A portrait miniature of a young Lady, wearing blue bodice with gauze scarf, her powdered hair adorned with silk ribbon
Louis-Marie Sicardi (1746-1825)
“In Paris he became the court painter, working largely for Marie Antoinette, producing portrait miniatures to be presented as diplomatic gifts”
Watercolour on ivory
Oval, 2in (49mm) high
Collection of Madame X, Hotel Drouot, Paris, 8th April 1919, lot 86
Set into a circular blonde tortoiseshell bonbonniere, with piquédecoration (damage at base edge).
Louis-Marie Sicardi began his career in Bordeaux, where he became a member of the Academy, moving to Paris in 1773. In Paris he became the court painter, working largely for Marie Antoinette, producing portrait miniatures to be presented as diplomatic gifts.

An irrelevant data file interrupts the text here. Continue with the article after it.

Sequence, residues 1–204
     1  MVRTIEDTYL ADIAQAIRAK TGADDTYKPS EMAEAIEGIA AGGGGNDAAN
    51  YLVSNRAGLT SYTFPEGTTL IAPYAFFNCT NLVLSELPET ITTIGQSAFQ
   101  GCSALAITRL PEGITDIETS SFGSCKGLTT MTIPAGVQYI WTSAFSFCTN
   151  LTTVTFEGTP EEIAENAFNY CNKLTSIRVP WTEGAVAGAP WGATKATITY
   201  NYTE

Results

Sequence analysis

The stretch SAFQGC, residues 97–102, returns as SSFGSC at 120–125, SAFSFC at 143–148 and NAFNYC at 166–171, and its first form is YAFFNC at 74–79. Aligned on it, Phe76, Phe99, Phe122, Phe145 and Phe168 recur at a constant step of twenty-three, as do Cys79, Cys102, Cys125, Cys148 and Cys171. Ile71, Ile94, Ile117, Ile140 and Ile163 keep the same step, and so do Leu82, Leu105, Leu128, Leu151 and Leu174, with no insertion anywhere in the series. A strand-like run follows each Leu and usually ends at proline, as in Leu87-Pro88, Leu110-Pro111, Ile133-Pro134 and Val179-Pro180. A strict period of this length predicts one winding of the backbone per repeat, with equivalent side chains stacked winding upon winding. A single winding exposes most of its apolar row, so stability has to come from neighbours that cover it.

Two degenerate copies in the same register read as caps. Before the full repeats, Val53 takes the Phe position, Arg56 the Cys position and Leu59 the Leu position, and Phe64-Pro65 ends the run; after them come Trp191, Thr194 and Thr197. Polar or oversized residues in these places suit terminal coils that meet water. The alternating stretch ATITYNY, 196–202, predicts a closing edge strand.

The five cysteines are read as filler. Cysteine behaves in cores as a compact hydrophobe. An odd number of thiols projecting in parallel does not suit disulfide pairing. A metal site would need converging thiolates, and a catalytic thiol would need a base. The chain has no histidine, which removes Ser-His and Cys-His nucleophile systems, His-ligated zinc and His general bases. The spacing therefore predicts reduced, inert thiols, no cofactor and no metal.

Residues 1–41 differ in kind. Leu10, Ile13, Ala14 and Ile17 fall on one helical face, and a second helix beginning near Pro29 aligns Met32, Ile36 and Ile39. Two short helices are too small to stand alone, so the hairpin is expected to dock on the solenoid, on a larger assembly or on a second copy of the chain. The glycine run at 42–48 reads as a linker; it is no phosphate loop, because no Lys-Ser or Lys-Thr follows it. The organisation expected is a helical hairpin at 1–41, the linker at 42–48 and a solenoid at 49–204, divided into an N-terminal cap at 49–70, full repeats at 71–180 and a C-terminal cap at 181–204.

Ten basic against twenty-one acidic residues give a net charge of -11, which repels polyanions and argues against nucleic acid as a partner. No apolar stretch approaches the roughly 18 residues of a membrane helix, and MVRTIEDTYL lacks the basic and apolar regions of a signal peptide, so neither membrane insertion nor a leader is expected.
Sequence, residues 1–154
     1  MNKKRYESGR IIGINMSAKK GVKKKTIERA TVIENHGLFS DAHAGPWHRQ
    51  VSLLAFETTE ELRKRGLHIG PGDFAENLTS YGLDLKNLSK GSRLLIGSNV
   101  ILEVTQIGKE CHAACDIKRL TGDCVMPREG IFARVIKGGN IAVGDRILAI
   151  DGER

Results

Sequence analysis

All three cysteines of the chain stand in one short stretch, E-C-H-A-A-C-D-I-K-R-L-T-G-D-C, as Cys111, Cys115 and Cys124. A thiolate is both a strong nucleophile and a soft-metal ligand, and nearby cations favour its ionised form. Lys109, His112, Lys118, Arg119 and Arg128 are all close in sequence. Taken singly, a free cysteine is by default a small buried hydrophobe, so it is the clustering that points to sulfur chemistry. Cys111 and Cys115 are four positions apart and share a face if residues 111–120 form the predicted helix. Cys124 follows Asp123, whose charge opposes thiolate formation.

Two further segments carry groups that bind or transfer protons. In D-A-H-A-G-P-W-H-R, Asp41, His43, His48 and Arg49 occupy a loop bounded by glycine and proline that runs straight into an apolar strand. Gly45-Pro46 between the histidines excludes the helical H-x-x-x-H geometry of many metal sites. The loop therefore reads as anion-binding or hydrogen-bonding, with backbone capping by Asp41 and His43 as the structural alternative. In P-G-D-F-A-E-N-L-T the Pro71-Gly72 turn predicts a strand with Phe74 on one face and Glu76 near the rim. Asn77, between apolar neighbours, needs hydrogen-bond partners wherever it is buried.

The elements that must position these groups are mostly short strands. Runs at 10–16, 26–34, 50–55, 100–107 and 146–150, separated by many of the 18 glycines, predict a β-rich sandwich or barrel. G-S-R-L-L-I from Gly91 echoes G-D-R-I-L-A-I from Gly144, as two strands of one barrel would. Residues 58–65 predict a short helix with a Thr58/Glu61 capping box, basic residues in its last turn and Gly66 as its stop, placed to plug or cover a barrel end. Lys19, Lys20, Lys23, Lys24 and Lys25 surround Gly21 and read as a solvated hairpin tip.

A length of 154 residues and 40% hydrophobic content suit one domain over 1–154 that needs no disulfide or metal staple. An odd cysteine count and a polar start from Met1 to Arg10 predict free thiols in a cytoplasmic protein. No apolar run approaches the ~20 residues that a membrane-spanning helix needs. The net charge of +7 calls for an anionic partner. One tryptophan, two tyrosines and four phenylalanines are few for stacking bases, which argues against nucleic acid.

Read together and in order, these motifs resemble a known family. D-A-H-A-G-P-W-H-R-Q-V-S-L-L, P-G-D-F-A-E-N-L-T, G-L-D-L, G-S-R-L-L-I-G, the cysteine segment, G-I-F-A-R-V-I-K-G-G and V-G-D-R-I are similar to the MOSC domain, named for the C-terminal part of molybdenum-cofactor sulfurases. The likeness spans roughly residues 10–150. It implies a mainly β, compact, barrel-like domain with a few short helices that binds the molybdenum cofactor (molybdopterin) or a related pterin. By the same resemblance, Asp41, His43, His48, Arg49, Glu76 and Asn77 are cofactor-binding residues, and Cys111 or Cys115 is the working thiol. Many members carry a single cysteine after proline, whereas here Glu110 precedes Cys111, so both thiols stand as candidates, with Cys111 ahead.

This portrait dates to the 1780s, when Sicardi’s patrons demanded miniatures that could be set into boxes or jewellery.During the Revolution and under the Empire Sicardi retained his exclusive clientele whilst not obtaining commissions directly from the court. Although he rarely signed, his work is extremely distinctive and of a consistent high quality.
A typical example of this can be found in the Metropolitan Museum, New York, with a portrait of Marie Antoinette set into a carnet-de-bal(acc.no. 17.190.1359 a-c)
Another example of a similar setting can be seen in a miniature by Sicardi sold at Christie’s, London, 25 May 2004, lot 138, set into a green glass and gold box, the cover centred by a glazed oval miniature depicting King Louis XVI of France (1754-1793)